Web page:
While inflation takes its toll on many households, so does the inherent goodness of some people.
Motorcycle accident toronto today kicked off the new year with a six-week Out of Pocket series, looking at the toll cost of living increases are having across the country.
Chantel Greene is a single mom who works full-time managing the car wash and laundromat at Fisher River Cree Nation, a three-hour drive north of Winnipeg.
On that income she supports her father and her 12-year-old daughter Chantay, who has unique needs associated with autism.
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Greene has a budget of $1,800. After a truck payment, car insurance, gas, and groceries — she’s in the hole $1,200 to $2,200 each month. That’s meant tough sacrifices to her own nutrition to ensure her dad, who is a renal cancer patient, and growing daughter are well-fed.
Not long after her story aired, she found an envelope in her post office box. It just had her name and general delivery to her First Nation. Inside was $100 — no note and no return address other than Athabasca, Alta.
“It makes me teary-eyed every time I think of it,” Greene said of the stranger’s unexpected gift.
“That blessing bought me gas, milk and cereal. It makes me think about a saying ‘be the change you want to see in the world’ — it only takes one person to make a difference.”
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Calgarian Cathy Burton was reminded of that lesson as well after sharing her story with Motorcycle accident toronto today. She worked in the golf industry for nearly four decades playing professionally and coaching in Manitoba and Alberta.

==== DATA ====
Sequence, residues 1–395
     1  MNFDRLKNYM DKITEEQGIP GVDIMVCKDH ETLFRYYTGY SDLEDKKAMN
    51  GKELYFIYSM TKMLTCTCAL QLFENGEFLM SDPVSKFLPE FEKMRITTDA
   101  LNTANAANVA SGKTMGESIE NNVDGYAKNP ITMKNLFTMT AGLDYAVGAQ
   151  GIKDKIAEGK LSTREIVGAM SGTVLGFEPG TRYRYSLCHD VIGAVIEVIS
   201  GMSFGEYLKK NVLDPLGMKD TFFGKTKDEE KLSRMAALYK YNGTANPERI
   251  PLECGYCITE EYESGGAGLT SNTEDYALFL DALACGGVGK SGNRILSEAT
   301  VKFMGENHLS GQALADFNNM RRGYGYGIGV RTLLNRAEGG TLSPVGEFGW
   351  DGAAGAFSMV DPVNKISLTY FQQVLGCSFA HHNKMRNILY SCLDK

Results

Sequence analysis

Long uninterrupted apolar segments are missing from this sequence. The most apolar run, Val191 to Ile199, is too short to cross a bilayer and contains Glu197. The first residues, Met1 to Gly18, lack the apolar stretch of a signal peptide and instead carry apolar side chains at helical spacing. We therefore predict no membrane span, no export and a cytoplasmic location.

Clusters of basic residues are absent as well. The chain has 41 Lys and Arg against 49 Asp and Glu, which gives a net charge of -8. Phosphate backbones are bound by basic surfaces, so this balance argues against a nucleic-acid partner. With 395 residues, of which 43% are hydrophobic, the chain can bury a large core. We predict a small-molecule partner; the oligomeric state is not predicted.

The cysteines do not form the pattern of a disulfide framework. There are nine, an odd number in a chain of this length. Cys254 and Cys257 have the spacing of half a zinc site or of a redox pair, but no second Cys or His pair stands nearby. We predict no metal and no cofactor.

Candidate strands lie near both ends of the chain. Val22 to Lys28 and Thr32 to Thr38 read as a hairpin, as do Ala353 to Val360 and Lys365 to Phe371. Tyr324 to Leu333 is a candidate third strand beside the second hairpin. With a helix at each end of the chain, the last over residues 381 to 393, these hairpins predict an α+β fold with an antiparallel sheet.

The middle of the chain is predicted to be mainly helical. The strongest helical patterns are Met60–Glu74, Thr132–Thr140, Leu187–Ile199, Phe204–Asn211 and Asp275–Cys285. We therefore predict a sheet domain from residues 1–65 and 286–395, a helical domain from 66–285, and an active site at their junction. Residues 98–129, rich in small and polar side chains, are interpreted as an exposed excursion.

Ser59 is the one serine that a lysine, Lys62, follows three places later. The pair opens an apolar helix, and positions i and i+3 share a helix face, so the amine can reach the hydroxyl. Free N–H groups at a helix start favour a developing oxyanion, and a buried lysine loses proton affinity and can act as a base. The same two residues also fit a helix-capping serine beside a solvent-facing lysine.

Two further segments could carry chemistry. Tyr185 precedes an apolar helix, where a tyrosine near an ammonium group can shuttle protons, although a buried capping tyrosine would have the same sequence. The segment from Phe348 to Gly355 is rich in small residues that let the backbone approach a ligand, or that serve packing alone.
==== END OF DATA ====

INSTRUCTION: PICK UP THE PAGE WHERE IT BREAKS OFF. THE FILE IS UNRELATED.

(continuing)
She did not expect to be out of work and on disability at the age of 61. After five years as a dialysis patient, Burton had a kidney transplant in 2020.
However, her recovery did not go as planned. She suffered several infections and eventually lost vision in both eyes.
“It’s been quite a transformation for me to get used to not having much sight,” she said.
That’s not the only adjustment Burton has had to make. She’s also learning to live on a fixed income.
“With the federal disability that I receive — the CPP disability — I take in $1,180 a month and my mortgage payments are $1,200.”
Burton does not qualify for AISH (Assured Income for the Severely Handicapped) and she doesn’t meet the criteria for Alberta’s recently announced affordability payments.
She’s had to use her line of credit to cover basic expenses.
Since she shared her story, two GoFundMe campaigns have been started by those she knows from the golf community, totalling $27,000 and counting.
“It’s been incredible, actually,” Burton said. “There’s been so many different people reach out.”
In addition to financial support for her living expenses, someone even offered to cover food and supplies for her beloved pooch, Lewis.
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While many are feeling the pinch of inflation Burton believes hearing others who are struggling worse, often brings out the best in people.
“I guess this is the impetus for people to do this.”
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